So what was the answer? It had everything to do with what’s probably in your pocket this very second. “The answer was your own mobile phone,” reveals Jackson. “You had to dial your own phone number from the in-game telephone on the reception desk, and then your actual mobile phone would ring.”
The internet eventually figured this out themselves, but it had been a bigger stumbling block than Bossa had ever anticipated. “We thought it was obscure, but not too obscure,” Jackson continues. “People couldn’t make the leap in imagination required to consider dialling their own phone number from within the game. Nobody makes that assumption for some reason.”
Even if you figured out that you had to clumsily tap out your own telephone number, there were still a few more steps before reaching the answer. “When you answered the call you’d hear a recording of a woman’s voice,” explains Williams, “before hearing a series of tonal beeps, some high and some low. If you typed out those coded beeps as ones and zeroes, and translated it from binary, you’d get ‘nine times five’, which is 45. That’s your answer.”
But what of the mistaken assumptions made along the way? Across forums and community hubs, players were making serious logical backflips to arrive at insane theories about Summer Sales and Half-Lives. At one point, the sticker that began the clue hunt was even believed to be a map of North Korea.
“They edited the levels in Photoshop and sure enough, it looked a lot like the coastline of North Korea,” laughs Jackson. “It was just some weird texture compression, a total fluke, but it was hilarious how people would come up with these convoluted theories. The answer to that sticker was simply ’29’, the number of years it takes Saturn to orbit the sun and first two digits of the keycode, but people ran with it.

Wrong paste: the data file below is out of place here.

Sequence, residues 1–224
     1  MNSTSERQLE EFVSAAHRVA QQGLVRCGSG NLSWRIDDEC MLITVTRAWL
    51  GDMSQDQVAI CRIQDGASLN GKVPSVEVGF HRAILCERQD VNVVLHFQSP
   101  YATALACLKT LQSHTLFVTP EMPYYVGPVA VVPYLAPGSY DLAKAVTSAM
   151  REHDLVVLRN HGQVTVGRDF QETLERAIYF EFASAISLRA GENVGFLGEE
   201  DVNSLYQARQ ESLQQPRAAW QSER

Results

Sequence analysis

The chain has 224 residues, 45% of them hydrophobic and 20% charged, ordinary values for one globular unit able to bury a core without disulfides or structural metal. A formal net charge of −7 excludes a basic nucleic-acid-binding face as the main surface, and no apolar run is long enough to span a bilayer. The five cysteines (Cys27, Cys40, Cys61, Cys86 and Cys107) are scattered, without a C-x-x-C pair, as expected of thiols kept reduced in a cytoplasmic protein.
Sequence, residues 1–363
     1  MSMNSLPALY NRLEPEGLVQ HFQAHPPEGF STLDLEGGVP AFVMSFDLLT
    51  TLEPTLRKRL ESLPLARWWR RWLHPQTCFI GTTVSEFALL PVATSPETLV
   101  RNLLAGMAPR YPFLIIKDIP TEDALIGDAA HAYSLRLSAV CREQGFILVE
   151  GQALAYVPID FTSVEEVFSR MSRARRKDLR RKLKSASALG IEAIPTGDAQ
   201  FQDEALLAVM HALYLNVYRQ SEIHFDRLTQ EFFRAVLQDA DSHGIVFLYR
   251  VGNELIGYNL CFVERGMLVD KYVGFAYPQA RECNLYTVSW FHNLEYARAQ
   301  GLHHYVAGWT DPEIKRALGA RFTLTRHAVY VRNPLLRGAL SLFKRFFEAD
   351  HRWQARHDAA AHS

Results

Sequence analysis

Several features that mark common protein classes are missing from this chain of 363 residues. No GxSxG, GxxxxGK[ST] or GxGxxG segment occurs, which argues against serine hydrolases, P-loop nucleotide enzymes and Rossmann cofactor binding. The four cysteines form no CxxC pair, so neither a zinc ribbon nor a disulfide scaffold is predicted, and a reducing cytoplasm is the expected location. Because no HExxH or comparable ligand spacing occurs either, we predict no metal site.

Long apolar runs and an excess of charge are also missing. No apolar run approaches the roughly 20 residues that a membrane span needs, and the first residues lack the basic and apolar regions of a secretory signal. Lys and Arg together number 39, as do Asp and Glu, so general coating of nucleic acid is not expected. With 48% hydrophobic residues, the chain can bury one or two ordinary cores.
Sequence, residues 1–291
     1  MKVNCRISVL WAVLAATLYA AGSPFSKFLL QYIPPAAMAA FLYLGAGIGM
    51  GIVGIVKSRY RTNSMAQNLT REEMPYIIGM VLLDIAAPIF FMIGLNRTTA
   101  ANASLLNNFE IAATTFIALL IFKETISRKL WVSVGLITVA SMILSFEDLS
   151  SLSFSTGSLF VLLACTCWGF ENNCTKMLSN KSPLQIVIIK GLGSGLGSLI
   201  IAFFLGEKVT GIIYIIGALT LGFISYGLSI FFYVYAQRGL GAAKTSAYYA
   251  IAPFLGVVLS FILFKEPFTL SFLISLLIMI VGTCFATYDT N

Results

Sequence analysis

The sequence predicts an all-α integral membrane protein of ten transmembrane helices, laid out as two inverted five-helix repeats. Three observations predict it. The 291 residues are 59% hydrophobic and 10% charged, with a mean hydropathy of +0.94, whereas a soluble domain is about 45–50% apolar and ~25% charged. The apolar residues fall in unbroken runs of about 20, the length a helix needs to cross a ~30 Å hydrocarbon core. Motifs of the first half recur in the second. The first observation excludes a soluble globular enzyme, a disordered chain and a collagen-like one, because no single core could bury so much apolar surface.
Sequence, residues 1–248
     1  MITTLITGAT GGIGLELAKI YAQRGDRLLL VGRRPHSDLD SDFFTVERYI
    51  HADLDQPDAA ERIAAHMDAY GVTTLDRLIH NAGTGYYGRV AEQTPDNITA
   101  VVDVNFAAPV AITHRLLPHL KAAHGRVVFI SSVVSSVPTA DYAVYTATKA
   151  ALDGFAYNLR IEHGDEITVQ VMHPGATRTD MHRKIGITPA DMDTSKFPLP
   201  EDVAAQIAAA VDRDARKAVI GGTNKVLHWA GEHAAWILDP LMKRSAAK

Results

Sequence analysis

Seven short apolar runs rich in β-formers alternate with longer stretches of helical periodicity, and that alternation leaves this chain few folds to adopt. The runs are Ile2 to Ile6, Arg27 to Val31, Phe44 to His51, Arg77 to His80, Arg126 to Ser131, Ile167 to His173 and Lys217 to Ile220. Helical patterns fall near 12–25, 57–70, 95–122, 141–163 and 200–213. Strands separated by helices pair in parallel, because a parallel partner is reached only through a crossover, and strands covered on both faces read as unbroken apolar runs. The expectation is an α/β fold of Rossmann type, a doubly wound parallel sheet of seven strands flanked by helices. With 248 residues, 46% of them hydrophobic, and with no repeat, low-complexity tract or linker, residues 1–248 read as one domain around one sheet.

“Saturn is linked to Saturday, they theorised, and the first two letters are ‘SA’. The first two letters of ‘sale’ are also ‘SA’, so they reckoned that the Steam Summer Sale would start on Saturday, June 29th. We had none of these ideas in our head when we came up with this puzzle, we were just hinting at a keycode!”
As the mystery unraveled and the final digits became clear, the wackier theories died off and the alien autopsy revealed itself. A gobbleshaft transplant on a little green man, Nigel’s greatest challenge yet, was the prize after all. Reddit relaxed its battered clue-glands, the internet simmered down and Half-Life 3 retreated to its rightful position as king of vapourware.
“They did get it eventually,” smiles Jackson. “And the first person to solve it was on our forum, so we’re very proud. Kudos to that guy.”